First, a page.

Banner

.s

Banner

Live in Texas: Sir Douglas Quintet

Attention: open in a new window. PDFPrintE-mail

 

Live in Texas Presents: Sir Douglas Quintet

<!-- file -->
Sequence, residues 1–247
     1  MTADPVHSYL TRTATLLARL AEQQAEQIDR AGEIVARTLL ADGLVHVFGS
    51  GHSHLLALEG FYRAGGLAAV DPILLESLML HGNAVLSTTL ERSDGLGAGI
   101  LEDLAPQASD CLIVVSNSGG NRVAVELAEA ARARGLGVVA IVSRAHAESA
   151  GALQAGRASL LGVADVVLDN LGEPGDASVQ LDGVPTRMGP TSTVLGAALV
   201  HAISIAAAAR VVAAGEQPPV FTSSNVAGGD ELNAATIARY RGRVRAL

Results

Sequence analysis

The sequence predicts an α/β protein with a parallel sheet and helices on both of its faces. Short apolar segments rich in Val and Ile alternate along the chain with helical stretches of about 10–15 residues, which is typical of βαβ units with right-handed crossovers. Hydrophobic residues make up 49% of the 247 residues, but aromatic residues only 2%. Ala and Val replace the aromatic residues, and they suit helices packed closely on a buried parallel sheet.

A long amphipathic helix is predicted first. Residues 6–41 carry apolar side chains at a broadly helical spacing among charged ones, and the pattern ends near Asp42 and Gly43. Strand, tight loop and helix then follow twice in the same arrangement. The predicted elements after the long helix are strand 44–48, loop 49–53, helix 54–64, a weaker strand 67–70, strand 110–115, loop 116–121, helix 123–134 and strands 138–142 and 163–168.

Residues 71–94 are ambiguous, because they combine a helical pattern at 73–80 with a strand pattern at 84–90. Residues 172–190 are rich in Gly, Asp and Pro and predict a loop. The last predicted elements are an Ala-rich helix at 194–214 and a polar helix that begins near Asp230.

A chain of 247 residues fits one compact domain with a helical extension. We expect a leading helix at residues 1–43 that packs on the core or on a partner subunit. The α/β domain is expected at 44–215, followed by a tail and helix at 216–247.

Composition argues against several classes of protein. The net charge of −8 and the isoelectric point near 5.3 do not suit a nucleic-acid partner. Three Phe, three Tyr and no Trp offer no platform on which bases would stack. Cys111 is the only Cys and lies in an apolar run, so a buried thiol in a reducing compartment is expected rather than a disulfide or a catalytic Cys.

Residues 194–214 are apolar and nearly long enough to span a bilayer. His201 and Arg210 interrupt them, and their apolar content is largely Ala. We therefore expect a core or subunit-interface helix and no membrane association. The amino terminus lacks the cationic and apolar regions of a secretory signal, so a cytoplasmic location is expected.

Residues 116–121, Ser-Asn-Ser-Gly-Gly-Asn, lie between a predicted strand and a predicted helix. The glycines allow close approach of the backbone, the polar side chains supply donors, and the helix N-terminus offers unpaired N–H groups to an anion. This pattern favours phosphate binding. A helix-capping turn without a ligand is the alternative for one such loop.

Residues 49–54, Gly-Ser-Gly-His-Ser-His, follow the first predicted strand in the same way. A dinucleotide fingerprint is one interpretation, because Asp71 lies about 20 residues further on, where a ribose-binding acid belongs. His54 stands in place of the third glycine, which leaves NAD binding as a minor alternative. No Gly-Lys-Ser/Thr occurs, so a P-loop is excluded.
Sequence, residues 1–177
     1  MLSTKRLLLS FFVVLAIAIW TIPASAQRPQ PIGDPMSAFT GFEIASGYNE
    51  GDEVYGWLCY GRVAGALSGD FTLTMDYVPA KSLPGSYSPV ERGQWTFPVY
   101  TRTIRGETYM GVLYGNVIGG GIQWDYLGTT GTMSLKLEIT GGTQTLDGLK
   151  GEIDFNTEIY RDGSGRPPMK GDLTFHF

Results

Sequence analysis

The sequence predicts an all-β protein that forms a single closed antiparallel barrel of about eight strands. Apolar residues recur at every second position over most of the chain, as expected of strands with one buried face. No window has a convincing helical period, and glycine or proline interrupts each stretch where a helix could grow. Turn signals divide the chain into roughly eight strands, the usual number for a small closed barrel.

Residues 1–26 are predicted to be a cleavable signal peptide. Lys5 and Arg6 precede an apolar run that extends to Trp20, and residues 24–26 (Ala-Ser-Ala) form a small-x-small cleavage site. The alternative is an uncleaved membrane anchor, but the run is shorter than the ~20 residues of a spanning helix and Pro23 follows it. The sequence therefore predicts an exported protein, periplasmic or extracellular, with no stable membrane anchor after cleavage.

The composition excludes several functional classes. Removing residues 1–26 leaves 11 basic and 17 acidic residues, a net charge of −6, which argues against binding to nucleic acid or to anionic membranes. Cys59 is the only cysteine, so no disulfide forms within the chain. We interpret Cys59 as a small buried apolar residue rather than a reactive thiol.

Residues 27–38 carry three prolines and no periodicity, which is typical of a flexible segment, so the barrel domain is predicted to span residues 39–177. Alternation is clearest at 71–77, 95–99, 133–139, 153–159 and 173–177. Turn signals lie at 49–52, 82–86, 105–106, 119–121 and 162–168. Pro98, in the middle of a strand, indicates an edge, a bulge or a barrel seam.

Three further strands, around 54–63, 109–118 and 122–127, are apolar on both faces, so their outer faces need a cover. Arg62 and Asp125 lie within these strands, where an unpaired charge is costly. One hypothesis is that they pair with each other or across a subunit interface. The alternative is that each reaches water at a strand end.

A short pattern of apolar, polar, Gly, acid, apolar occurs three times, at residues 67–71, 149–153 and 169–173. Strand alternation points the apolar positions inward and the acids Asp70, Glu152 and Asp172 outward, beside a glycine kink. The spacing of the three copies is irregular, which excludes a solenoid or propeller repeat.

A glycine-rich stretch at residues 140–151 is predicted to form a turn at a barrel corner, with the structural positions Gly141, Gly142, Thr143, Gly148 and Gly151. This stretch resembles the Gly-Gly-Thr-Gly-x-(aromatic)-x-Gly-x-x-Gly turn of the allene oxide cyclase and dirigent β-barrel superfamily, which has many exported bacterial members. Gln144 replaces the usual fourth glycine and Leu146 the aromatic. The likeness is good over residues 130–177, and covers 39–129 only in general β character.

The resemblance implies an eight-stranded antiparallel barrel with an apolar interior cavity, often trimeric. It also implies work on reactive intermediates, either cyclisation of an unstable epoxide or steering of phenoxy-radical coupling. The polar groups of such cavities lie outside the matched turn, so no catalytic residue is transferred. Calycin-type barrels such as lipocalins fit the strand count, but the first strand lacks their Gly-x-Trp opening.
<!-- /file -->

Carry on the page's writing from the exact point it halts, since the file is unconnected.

The Sir Douglas Quintet was a rock band active in the mid-1960s and 1970s, with reunions amongst various members in the 1980s and 1990s. Despite their British-sounding name, they came out of San Antonio, Texas. With their first hits, they were acclaimed in their home state. However, once their career was established (subsequent to working with Texas record-producer Huey Meaux), the band relocated to the West Coast. Their move coincided with the burgeoning San Francisco psychedelic rock scene of the mid-1960s to early 1970s. Overall, the Quintet were exponents of good-times music with strong roots in blues and Texas-regional traditions. Doug Sahm, a veteran of the professional music scene who first sang on the radio at the age of five, formed the Quintet (first called simply 'Sir Douglas') in 1964 with longtime friend Augie Meyers and the other original members Jack Barber, Frank Morin and Johnny Perez. Sahm had started out in the country music scene, and had even played (at age eleven) on-stage with Hank Williams, Sr., during the latter's final performance. Sahm went on to play in blues clubs in his teenage years and he had gained experience as a band leader.The initial success of the new group, the Quintet, on the airwaves and sales charts was achieved when they made records in conjunction with Houston music producer Huey P. Meaux. Houston's recording industry had become the center of Texas R&B music. The Quintet was born in a cross-cultural South-Texas musical melting pot, which included the sounds and traditions of Mexico, Bohemia, Poland, Czechoslovakia, Germany, and African-America. But aware of the major trends, producer Huey Meaux advised connecting the new group with the English pop-music trend. As a consequence, the Texas-local R&B, Tex-Mex, and other veins the musicians were familiar with initially went through a period of influence by the British pop bands of the early and mid-1960s. For a short while, the youthful members of the group emulated Beatles-like "mop-top" demeanor and antics on stage. However, they soon outgrew these trappings.